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Kremlin 'Cheerleaders' To Sing At London's Royal Albert Hall, Raising Hackles

  • Dmitry Volchek

In March, both Iosif Kobzon and Alla Perfilova (better known as Valeria) signed an open letter backing Russia's annexation of Crimea.

In March, both Iosif Kobzon and Alla Perfilova (better known as Valeria) signed an open letter backing Russia's annexation of Crimea.

Prominent Russian singers Iosif Kobzon and Alla Perfilova, better known by her stage name Valeria, are time-tested friends of the Kremlin.

In March, both signed an open letter backing Russia's annexation of Crimea.

Valeria has publicly praised the Russian government for a number of other controversial moves, including new legislation targeting homosexuals and the jailing of two members of the opposition punk group Pussy Riot.

On October 21, Kobzon and Valeria will perform at London's most prestigious concert venue, the Royal Albert Hall, to the dismay of critics of Russian President Vladimir Putin.

"People who promote what we regard as the Russian government's criminal actions are unwelcome in Western countries," Andrei Sidelnikov, an anti-Putin activist based in London, told RFE/RL. "We believe that people should bear responsibility for their actions and deeds."

Sidelnikov's campaign group, Speak Up!, has spearheaded efforts to have Britain bar both singers from entering the country.

Earlier this month, it delivered a petition to Prime Minister David Cameron calling on Britain to declare Kobzon and Valeria persona non grata.

The petition, which has gathered more than 4,000 signatures online, accuses the singers of "using their popularity and status" to become "propaganda tools for the international treaty-breaking Russian government."

It also accuses them of being "members of the Kremlin's cheerleading team" and urges Britain to follow in the footsteps of Latvia, which has barred both Valria and Kobzon from entering its territory due to their anti-Ukrainian stance.

Sidelnikov says the heavily advertised performance in London amounts to a Kremlin PR coup and undermines Western sanctions against Moscow.

Valeria's producer, her husband, Iosif Prigozhin, has described the event as "support for Russia's image."

Sidelnikov says it also underscores the double-standards practiced by members of the Russian elite who, like Kobzon and Valeria, routinely rail against Western values.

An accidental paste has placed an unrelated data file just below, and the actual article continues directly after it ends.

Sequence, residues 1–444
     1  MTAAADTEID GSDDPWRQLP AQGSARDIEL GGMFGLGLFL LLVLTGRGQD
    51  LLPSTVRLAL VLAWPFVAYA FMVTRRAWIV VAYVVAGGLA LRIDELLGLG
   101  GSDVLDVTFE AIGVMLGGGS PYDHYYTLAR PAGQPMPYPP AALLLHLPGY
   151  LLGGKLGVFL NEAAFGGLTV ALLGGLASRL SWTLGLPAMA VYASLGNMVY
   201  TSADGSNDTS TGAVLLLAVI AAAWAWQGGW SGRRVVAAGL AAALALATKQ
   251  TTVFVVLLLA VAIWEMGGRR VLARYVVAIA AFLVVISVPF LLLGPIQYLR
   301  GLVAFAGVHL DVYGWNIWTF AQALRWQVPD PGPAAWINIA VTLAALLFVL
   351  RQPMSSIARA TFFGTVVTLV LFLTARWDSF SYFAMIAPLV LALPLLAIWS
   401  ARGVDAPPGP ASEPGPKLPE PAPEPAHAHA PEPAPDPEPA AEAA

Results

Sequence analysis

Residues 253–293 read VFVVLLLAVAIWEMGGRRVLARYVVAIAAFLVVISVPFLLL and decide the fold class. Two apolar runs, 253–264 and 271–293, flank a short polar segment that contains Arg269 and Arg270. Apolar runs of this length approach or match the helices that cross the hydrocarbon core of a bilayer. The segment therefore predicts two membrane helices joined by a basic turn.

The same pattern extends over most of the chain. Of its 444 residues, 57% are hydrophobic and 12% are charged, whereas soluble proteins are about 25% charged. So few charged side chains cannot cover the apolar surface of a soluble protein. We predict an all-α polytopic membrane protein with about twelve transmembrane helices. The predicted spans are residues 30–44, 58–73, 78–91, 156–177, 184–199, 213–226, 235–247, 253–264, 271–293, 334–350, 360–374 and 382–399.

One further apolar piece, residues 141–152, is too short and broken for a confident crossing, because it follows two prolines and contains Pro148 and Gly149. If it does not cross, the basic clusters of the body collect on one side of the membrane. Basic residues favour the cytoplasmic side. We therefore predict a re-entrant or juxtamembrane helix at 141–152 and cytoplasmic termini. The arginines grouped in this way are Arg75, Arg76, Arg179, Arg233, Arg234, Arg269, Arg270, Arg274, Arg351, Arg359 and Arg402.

"Such hypocrisy is unacceptable," he added. "In Russia, they declare that Western values are bad, wrong, and not suitable for Russia. Then they travel to Western countries to earn money, spend holidays, and buy real estate."

Singer Oleh Skrypka pulled out of the concert, saying, "It is out of the question. There are people dying in Ukraine now."

Singer Oleh Skrypka pulled out of the concert, saying, "It is out of the question. There are people dying in Ukraine now."

Valeria's teenage son Arseniy Shulgin, who is scheduled to play the piano at his mother's concert, studies in Switzerland.

Sidelnikov says Kobzon's daughter, son-in-law, and grandchildren live in London.

The concert, titled "Valeria and Friends," is backed by Russian authorities and is advertised on the website of Rossotrudnichestvo, Russia's federal cultural agency.

A number of Russian pop stars such as Valery Meladze and Stas Piekha are scheduled to perform alongside Kobzon and Valeria.

They will be accompanied by Britain's prestigious Royal Philharmonic Orchestra.

Oleh Skrypka, the front man of the popular Ukrainian rock band Vopli Vidoplyasova, has pulled out of the concert, although Rossotrudnichestvo still lists him as a participant.

"When I agreed to perform, there were not such tense relations between Russia and Ukraine," he said. "I will not take part in a pro-Russian show. It is out of the question. There are people dying in Ukraine now."

Speak Up! activists plan to demonstrate outside the Royal Albert Hall Hall on the evening of the performance.

RFE/RL correspondent Claire Bigg contributed to this report
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